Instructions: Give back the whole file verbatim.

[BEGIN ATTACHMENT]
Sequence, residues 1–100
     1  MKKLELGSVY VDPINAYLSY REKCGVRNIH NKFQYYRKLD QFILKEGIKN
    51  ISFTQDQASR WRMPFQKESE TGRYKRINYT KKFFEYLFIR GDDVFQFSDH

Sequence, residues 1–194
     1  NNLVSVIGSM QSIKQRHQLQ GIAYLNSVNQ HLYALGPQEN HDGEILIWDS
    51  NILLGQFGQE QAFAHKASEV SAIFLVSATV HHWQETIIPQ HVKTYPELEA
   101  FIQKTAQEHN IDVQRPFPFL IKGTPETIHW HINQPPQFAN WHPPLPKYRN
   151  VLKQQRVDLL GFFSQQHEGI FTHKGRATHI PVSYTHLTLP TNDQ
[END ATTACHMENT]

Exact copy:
Sequence, residues 1–100
     1  MKKLELGSVY VDPINAYLSY REKCGVRNIH NKFQYYRKLD QFILKEGIKN
    51  ISFTQDQASR WRMPFQKESE TGRYKRINYT KKFFEYLFIR GDDVFQFSDH

Sequence, residues 1–194
     1  NNLVSVIGSM QSIKQRHQLQ GIAYLNSVNQ HLYALGPQEN HDGEILIWDS
    51  NILLGQFGQE QAFAHKASEV SAIFLVSATV HHWQETIIPQ HVKTYPELEA
   101  FIQKTAQEHN IDVQRPFPFL IKGTPETIHW HINQPPQFAN WHPPLPKYRN
   151  VLKQQRVDLL GFFSQQHEGI FTHKGRATHI PVSYTHLTLP TNDQ